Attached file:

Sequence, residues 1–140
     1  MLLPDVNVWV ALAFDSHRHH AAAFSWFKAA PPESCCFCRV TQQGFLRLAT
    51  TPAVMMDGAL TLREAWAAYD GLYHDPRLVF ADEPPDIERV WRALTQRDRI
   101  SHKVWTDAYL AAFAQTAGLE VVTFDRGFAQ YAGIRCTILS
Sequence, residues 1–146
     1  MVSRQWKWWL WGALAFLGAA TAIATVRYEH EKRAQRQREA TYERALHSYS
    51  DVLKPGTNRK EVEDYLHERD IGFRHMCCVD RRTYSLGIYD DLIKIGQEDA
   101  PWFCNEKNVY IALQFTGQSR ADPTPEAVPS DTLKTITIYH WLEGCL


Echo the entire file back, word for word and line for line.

Sequence, residues 1–140
     1  MLLPDVNVWV ALAFDSHRHH AAAFSWFKAA PPESCCFCRV TQQGFLRLAT
    51  TPAVMMDGAL TLREAWAAYD GLYHDPRLVF ADEPPDIERV WRALTQRDRI
   101  SHKVWTDAYL AAFAQTAGLE VVTFDRGFAQ YAGIRCTILS
Sequence, residues 1–146
     1  MVSRQWKWWL WGALAFLGAA TAIATVRYEH EKRAQRQREA TYERALHSYS
    51  DVLKPGTNRK EVEDYLHERD IGFRHMCCVD RRTYSLGIYD DLIKIGQEDA
   101  PWFCNEKNVY IALQFTGQSR ADPTPEAVPS DTLKTITIYH WLEGCL